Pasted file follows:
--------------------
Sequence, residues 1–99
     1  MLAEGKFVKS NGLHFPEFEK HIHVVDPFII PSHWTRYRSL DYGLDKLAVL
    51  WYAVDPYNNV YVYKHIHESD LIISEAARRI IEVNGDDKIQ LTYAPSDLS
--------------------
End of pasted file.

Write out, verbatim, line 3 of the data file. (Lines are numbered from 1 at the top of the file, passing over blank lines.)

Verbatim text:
    51  WYAVDPYNNV YVYKHIHESD LIISEAARRI IEVNGDDKIQ LTYAPSDLS